Table of Contents Author Guidelines Submit a Manuscript
Mathematical Problems in Engineering
Volume 2015 (2015), Article ID 257904, 16 pages
http://dx.doi.org/10.1155/2015/257904
Research Article

Pseudorandom Bit Sequence Generator for Stream Cipher Based on Elliptic Curves

Department of Electronics and Communication Engineering, National Institute of Technology, Calicut, Kerala 673 601, India

Received 1 April 2015; Revised 17 August 2015; Accepted 24 August 2015

Academic Editor: David Bigaud

Copyright © 2015 Jilna Payingat and Deepthi P. Pattathil. This is an open access article distributed under the Creative Commons Attribution License, which permits unrestricted use, distribution, and reproduction in any medium, provided the original work is properly cited.

Abstract

This paper proposes a pseudorandom sequence generator for stream ciphers based on elliptic curves (EC). A detailed analysis of various EC based random number generators available in the literature is done and a new method is proposed such that it addresses the drawbacks of these schemes. Statistical analysis of the proposed method is carried out using the NIST (National Institute of Standards and Technology) test suite and it is seen that the sequence exhibits good randomness properties. The linear complexity analysis shows that the system has a linear complexity equal to the period of the sequence which is highly desirable. The statistical complexity and security against known plain text attack are also analysed. A comparison of the proposed method with other EC based schemes is done in terms of throughput, periodicity, and security, and the proposed method outperforms the methods in the literature. For resource constrained applications where a highly secure key exchange is essential, the proposed method provides a good option for encryption by time sharing the point multiplication unit for EC based key exchange. The algorithm and architecture for implementation are developed in such a way that the hardware consumed in addition to point multiplication unit is much less.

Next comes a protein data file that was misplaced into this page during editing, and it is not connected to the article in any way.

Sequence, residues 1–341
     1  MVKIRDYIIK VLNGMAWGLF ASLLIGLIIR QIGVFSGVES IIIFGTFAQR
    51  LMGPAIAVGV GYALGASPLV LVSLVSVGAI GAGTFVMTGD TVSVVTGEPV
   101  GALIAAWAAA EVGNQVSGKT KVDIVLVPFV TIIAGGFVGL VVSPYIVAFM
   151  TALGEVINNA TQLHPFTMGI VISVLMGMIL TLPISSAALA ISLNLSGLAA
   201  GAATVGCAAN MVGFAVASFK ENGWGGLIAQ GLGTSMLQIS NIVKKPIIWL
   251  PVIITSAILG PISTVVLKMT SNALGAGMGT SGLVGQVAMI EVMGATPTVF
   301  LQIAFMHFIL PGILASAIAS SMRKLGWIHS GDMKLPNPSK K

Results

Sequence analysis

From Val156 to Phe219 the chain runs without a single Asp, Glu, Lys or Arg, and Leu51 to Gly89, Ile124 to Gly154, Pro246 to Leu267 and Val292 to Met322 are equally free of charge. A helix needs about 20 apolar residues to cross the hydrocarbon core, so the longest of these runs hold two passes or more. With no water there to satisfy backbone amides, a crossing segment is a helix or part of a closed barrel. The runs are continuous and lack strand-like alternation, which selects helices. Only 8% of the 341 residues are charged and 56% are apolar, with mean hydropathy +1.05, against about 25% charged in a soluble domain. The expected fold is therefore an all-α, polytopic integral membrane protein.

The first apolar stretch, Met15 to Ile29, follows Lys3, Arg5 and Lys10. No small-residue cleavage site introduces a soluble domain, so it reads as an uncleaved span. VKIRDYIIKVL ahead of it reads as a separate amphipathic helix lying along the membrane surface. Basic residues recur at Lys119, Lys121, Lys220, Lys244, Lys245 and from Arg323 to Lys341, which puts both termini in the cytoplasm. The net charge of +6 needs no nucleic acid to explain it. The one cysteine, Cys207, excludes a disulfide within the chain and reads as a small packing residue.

1. Introduction

Wireless sensor networks have a wide range of applications such as habitat monitoring, home automation, and military and medical applications [1, 2]. Compared to conventional wireless networks, wireless sensors have limited resources that demand cryptographic solutions with reduced complexity. Due to the resource constrained nature, WSNs employ symmetric key encryption techniques that necessitate key management schemes suitable for these constrained applications. A detailed analysis of the proposals available in literature for key distribution shows that only the one-way function based schemes can provide security when a node is compromised in the initialisation phase. The light weight cryptographic algorithms based on random key predistribution [3, 4], polynomial based key distribution [5], and so forth offer no security in this scenario. All these schemes assume that a node cannot be compromised in the initialisation phase which is not true. For such schemes the time-out period of the initialisation phase cannot be kept large because it increases the probability that a node is compromised in the initialisation phase. On the other hand if the time-out period is kept small, then the connectivity of the network is affected. So there exists a trade-off between security and connectivity in such schemes whereas for the one-way function based methods no such trade-off exists. Thus for high security applications like military or medical applications, the one-way function based key management schemes are preferred.